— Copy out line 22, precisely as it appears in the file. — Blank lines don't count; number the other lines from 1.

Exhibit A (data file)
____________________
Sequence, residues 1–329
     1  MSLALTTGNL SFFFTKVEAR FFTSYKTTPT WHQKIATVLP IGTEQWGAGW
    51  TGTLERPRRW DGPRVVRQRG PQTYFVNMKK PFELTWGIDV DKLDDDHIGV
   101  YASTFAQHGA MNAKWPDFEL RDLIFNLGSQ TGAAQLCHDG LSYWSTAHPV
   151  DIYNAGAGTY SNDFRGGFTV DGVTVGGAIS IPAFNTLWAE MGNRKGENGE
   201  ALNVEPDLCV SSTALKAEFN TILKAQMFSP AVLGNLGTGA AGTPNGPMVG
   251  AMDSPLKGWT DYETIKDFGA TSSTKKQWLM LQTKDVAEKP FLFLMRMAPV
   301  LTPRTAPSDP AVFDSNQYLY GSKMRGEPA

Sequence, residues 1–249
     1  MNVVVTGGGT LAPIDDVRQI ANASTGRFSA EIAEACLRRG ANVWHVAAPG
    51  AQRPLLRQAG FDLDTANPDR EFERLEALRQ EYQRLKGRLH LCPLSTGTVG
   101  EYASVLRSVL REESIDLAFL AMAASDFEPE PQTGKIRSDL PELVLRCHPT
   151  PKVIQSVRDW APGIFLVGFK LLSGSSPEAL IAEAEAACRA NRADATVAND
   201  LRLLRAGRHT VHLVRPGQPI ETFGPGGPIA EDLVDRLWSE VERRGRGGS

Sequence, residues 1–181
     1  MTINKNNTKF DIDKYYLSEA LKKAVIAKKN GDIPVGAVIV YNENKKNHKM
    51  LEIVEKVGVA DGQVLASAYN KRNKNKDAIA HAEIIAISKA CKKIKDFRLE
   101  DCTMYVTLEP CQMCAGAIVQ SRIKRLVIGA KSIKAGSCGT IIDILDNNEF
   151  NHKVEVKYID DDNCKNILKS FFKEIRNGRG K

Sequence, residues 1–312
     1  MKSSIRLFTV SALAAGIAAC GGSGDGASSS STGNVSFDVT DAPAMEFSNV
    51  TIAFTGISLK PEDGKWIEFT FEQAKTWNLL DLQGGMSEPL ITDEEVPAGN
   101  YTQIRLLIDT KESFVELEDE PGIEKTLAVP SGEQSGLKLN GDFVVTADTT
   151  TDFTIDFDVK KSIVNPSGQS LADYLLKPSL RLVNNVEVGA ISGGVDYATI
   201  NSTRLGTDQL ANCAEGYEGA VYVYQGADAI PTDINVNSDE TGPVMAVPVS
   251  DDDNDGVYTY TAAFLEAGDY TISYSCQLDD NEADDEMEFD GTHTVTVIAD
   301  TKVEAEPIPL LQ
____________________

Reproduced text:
    51  TIAFTGISLK PEDGKWIEFT FEQAKTWNLL DLQGGMSEPL ITDEEVPAGN